Beirut stinks, but Byblos smells of lavender


Sometimes a change of scenery is all you need to replenish your enthusiasm for life, especially when Beirut is overwhelmed with trash, and trash-resisting protesters. Saturday was saturated with anxious nationalism, so Sunday called for a break from it all in Byblos.

Walking into the city’s quaint old quarter was an olfactory delight for weary nostrils; an incredible scent filled the air. The Alice Edde boutique was holding another one of its monthly themed events, which this time centered around lavender. Lots of flowers and an array of lavender products, which are regularly sold at the boutique, were on display, and passers-by were invited to try delicious lavender lemonade and treats like lavender cookies, ice cream, desserts, and even salads. Guests at the “Lavender: Scent of the Season” event were also given complimentary hand massages with lavender oil.


Aromatherapy expert Marie Mouzaya demonstrated to passers-by the process by which essential oil is extracted from lavender – the same distillation process used to obtain alcohol – and highlighted its multiple health and wellness benefits. As it turns out, the fragrant plant is native to the Mediterranean region and grows plentifully in Lebanon, especially in the north and in mountain areas like Laqlouq and Jabal Moussa.

Unfortunately, Mouzaya says people here don’t really know how to use it. For the past six years she has distilled her own essential oils, using them to make various products using her own flowers and those of neighbors who didn’t know what to do with them. “Right now there’s no industry, there are just people like me who distill their own oils, and a few beginning to make it certified organic,” she says.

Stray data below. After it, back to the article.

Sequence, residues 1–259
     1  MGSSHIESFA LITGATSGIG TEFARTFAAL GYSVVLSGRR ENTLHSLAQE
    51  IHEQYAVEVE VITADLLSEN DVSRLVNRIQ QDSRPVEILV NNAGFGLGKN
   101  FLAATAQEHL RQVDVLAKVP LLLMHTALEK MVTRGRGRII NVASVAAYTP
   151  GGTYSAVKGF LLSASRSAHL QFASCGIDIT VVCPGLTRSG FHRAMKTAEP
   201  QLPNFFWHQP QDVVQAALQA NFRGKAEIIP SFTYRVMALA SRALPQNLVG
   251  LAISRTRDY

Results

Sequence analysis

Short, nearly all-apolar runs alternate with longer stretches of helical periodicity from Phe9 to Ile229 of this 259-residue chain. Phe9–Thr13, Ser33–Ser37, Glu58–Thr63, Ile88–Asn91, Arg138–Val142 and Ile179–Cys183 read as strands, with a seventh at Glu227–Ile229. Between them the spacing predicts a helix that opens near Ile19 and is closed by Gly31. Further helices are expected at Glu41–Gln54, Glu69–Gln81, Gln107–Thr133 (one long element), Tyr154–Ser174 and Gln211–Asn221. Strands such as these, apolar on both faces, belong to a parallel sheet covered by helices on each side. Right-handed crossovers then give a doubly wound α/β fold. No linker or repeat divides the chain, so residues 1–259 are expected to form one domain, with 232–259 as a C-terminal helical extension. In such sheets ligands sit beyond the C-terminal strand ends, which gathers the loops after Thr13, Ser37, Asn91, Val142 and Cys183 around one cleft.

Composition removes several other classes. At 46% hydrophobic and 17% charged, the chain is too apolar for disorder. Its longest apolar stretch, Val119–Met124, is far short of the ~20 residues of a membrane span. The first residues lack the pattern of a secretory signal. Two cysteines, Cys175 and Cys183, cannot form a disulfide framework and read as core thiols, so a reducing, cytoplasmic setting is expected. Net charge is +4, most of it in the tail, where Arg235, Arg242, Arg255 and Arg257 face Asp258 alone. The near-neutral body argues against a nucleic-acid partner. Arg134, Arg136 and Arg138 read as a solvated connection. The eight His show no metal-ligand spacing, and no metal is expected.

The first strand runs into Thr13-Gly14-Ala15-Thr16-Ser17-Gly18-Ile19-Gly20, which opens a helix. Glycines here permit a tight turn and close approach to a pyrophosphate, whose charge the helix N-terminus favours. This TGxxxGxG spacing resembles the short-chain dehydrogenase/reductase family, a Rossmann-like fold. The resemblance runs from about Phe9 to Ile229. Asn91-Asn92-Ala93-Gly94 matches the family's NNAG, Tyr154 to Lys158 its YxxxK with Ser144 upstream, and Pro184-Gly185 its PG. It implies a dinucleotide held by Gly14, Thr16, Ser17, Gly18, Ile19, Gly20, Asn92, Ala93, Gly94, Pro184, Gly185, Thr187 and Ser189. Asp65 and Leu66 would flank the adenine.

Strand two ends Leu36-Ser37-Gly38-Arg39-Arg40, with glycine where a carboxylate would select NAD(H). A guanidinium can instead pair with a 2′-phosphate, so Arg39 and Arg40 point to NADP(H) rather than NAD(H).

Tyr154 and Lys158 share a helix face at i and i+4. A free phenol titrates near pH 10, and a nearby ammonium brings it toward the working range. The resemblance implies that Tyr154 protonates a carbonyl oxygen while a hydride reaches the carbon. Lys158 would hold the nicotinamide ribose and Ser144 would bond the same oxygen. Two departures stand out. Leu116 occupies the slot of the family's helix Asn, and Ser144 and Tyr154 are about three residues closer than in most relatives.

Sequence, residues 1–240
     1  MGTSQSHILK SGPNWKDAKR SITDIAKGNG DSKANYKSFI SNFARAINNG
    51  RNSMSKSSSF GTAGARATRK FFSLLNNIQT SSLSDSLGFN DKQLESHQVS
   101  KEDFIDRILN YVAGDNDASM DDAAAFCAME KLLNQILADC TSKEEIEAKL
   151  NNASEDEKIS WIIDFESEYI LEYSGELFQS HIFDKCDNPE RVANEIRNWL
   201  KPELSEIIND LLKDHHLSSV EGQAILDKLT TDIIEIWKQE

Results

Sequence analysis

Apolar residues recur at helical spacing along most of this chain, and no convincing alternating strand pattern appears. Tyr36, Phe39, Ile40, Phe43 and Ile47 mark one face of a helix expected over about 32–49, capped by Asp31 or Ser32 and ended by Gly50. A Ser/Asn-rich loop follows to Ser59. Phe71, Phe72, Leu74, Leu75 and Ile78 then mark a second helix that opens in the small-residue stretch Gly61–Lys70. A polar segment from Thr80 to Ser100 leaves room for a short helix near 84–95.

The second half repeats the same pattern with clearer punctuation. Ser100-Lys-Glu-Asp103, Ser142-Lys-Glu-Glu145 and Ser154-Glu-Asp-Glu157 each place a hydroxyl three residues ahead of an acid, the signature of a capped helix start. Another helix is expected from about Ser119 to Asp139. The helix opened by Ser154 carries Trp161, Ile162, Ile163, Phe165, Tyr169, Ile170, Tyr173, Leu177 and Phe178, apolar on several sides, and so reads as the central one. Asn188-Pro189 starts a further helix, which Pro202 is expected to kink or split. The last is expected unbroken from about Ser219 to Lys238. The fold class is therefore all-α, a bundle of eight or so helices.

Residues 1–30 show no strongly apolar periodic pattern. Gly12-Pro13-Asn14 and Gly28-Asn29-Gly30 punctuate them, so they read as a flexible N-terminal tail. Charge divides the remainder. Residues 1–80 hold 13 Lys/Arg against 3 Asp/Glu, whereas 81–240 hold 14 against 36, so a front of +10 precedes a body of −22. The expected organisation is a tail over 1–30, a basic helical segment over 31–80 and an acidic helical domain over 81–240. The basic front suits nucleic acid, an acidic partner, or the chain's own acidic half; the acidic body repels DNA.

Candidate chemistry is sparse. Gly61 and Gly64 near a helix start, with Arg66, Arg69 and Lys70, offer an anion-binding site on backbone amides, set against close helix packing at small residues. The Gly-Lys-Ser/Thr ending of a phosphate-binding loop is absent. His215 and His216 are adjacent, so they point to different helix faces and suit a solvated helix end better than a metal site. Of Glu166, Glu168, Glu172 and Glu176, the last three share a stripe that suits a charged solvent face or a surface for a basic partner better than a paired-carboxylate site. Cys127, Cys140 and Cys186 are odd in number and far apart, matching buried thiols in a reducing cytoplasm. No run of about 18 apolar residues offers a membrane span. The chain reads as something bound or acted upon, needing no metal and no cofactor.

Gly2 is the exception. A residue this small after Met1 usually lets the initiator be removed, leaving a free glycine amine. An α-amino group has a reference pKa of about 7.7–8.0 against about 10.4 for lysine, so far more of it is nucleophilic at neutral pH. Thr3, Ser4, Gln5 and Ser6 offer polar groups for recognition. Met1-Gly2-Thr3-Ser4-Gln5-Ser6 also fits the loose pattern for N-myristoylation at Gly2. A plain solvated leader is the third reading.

DSCN9278Boutique owner Alice Edde is sure that lavender can become an industry. “Lavender does grow here but it hasn’t been developed. It’s not really in the tradition here, like it is in France, Italy or Spain. But it can be developed,” she asserts. She explains that lavender oil, lavender honey, and other related products could grow into a small-scale cottage industry that could utilize the talents of citizens in rural areas. “Rural tourism is increasing in Lebanon and this is something that could attract tourists,” she says, adding that it’s a great alternative to the common thyme and olive soap making trades.

“We need new things. What we have in Lebanon is good but there could be more variety,” she says. Because lavender is already plentiful, creating an industry would require minimal effort and would be a maximum utilization of natural resources – plus Lebanon would smell incredible!



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1 Comment

  1. I have no comment to say except the lavender part!I love this plant till dead. And I want to visit that lady. What is the place of her shop?

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